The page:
The Fur Trade
The river route was integral to the continuing fur trade between St. Louis and the Indian Country that provided American furs, which had been going on since the early nineteenth century. J.J. Roe & Co. consistently took goods upriver, and brought furs and other extractive materials back down the river. On one trip in 1865, the ship unloaded in St. Louis with 260 packs of furs.
The trip from St. Louis to this new Montana Territory took about two months and was often dangerous, due to encounters with the local Sioux Indians, but the profits were well worth the hardships. J.J. Roe entered the market with other merchants, businessmen and salesmen in this period, all earning their profits from supplying the demands of the settlers for consumable goods. This was an incredibly profitable economic niche on the frontier.
Read more about this topic: Steamboat Bertrand
Other articles related to "the fur trade, furs":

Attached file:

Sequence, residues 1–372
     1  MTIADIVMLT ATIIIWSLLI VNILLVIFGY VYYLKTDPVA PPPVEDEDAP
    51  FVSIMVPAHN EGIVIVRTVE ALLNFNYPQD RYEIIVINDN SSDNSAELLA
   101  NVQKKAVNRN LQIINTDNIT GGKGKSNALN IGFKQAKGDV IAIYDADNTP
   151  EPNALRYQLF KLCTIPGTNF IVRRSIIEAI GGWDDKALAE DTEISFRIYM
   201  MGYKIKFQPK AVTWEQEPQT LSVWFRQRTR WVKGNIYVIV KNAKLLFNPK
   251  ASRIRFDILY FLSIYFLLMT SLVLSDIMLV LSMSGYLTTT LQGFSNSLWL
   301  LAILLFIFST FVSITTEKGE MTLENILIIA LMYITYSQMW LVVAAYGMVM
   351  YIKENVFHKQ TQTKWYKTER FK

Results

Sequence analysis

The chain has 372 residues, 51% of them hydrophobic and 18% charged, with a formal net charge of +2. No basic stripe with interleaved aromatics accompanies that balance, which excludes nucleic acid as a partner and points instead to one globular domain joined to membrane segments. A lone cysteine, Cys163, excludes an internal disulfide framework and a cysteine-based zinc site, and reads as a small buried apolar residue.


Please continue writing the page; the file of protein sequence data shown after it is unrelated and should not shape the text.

... The Council feared furs contaminated with smallpox would be exported outside the quarantine zone ... The Council invited people involved in the fur trade from Keewatin, Manitoba, and even the United States government to discuss the matter ... The measures adopted effectively quarantined furs from areas of the district deemed infected and prevented their export ...
Famous quotes containing the words trade and/or fur:
“Though I have locked my gate on them
I pity all the young,
I know what devils trade they learn
From those they live among,
Their drink, their pitch and toss by day,
Their robbery by night....”
—William Butler Yeats (18651939)
“Your coat in my closet,
your bright stones on my hand,
the gaudy fur animals
I do not know how to use,
settle on me like a debt.”
—Anne Sexton (19281974)